In a seminar hosted by GRIP in collaboration with the Centre for Care Research West (HVL), leading experts and scholars convened to discuss the multifaceted dimensions of the ongoing crises of care in the Nordic context.
The event, held on September 22, 2023, brought together panelists Heidi Haukelien, University of Southern-Eastern Norway, Hanne Marlene Dahl, Roskilde University, Halvard Vike, University of Southern-Eastern Norway, Lise Widding Isaksen, University of Bergen and Anette Fagertun from the Western Norway University of Applied Sciences who shared their insights on the pressing issues surrounding care work and the welfare state. This seminar tackled crucial aspects of care, from its existential significance to its political implications and the challenges faced by the care sector in the Nordics.
The seminar commenced with an acknowledgment of the profound importance of care in human life. Care was described as a relational and social endeavor deeply ingrained in human interdependency. The discussion emphasized that care is not merely an individual act but is also influenced by historical, cultural, and institutional factors. Furthermore, care was unequivocally defined as a political issue, underlining its far-reaching implications.
During the seminar, care work was categorized into various forms: formal and informal, paid, and unpaid, and recognized and unrecognized. The discussion outlined how care work is commodified and politicized within the Nordic welfare state context, shedding light on the complex interplay of societal structures and care provision. Intriguingly, the seminar highlighted a shift in political awareness and attention towards care. While previously overlooked, care has now become a subject and object of political debates and reforms, reflecting its growing significance in contemporary society.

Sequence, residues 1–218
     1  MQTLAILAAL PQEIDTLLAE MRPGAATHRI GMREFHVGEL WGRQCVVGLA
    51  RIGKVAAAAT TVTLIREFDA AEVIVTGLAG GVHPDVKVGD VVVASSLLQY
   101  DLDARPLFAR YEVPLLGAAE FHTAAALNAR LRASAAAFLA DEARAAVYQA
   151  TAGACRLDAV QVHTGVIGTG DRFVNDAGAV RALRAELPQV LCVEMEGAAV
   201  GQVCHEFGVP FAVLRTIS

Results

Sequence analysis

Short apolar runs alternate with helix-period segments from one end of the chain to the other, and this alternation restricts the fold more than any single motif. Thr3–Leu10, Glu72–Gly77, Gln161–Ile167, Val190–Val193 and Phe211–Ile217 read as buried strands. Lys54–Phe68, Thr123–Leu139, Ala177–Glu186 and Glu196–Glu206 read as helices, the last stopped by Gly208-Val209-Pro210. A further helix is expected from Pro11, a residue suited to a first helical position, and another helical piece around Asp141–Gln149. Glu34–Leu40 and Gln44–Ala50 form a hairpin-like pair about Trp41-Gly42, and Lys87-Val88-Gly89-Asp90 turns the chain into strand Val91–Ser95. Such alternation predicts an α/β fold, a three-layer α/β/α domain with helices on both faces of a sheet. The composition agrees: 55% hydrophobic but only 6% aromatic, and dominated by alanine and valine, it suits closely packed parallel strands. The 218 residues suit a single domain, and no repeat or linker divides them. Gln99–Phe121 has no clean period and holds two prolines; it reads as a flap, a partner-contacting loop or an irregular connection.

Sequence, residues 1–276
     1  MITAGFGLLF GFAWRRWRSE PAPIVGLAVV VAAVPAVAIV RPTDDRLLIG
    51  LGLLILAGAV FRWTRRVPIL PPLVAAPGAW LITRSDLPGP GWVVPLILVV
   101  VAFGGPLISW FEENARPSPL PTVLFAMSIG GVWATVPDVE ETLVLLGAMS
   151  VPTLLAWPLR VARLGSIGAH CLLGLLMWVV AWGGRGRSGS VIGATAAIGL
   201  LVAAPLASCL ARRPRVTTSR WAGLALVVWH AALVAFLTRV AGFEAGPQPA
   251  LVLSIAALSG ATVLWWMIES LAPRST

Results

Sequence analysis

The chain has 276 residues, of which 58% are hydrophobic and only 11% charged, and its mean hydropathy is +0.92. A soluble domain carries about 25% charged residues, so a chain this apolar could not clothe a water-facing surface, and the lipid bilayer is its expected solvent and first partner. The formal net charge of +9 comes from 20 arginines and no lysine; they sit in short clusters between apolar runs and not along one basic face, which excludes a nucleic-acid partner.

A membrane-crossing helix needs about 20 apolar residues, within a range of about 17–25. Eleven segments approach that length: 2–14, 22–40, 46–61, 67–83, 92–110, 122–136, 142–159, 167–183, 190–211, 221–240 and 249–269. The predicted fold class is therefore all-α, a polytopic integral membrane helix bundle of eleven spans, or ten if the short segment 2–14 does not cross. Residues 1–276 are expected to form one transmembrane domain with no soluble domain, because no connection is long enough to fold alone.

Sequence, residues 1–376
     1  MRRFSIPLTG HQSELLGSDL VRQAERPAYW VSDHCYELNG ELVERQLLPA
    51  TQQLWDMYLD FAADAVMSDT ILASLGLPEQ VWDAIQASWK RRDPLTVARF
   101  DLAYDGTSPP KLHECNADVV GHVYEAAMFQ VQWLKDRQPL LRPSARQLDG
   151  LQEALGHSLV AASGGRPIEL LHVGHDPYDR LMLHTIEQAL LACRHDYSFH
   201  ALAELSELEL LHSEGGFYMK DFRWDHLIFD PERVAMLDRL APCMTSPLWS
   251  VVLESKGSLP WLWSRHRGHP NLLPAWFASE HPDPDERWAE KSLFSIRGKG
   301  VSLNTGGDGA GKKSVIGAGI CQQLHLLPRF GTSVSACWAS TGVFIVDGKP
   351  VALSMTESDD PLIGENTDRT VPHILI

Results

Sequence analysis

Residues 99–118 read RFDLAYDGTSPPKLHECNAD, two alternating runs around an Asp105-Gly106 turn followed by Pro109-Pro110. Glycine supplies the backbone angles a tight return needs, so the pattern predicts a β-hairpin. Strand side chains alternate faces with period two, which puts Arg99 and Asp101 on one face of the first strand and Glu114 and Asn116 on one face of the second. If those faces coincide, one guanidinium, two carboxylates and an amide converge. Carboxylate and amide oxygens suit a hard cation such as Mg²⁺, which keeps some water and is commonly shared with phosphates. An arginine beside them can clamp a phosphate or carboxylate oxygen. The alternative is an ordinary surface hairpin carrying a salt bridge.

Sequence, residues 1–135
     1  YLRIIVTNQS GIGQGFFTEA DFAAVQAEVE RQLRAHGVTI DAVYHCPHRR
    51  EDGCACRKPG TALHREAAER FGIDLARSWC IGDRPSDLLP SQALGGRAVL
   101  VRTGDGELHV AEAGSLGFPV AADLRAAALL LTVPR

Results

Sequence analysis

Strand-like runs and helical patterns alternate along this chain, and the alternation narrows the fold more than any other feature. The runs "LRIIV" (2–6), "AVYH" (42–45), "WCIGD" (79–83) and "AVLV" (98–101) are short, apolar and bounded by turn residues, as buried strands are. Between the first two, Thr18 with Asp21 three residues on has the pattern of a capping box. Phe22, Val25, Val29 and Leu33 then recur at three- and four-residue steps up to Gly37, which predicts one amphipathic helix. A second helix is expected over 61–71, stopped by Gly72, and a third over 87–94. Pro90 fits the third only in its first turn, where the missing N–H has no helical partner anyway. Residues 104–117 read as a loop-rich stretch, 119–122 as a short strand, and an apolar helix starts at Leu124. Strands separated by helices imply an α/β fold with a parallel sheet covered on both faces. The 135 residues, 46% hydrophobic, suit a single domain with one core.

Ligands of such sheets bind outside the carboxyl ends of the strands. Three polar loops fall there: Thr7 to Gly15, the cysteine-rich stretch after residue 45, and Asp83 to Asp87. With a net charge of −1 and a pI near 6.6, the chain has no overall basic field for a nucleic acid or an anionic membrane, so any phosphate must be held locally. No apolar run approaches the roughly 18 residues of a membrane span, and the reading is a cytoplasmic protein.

A striking contrast emerged between the Nordic perspective on care and that of other regions such as the United States and the United Kingdom. In the Nordics, issues like the aging population, welfare state sustainability, and workforce recruitment often take precedence over care-related challenges. This divergence in priorities raised questions about the unique context of the Nordic welfare model. The seminar also featured references to feminist and social science scholarship within the Nordic context. This body of research examines the intricate relationship between care and broader societal issues, including universalism, egalitarianism, and social inequality, providing valuable insights into the Nordic care landscape.
Neoliberalism’s impact on the welfare state and care was a recurring theme. The panelists discussed how neoliberalism has transformed the welfare state and, in doing so, potentially exacerbated the crisis in care. Nancy Fraser’s concept of a care crisis in late capitalist welfare states was also touched upon, emphasizing the devaluation and under compensation of care work. The disappearance of the commons due to various enclosures was discussed as a factor contributing to the care crisis. This phenomenon raised questions about how such enclosures might exacerbate existing care challenges.
As the seminar concluded, it became clear that the crises of care in the Nordics are multifaceted and deeply intertwined with political, economic, and social forces. The discussion provided valuable insights into the complex web of challenges and opportunities facing care work in the region. It also raised questions about the sustainability of the Nordic welfare model and the need for innovative solutions to address the care crisis. In sum, the seminar served as a platform for in-depth exploration and critical reflection on care in the Nordic context. It underscored the necessity of continued dialogue and research to navigate the challenges of the evolving care landscape in the Nordics and beyond.
If you missed the event and would like to catch-up on the crises of care discussions, please watch the recording of the event below: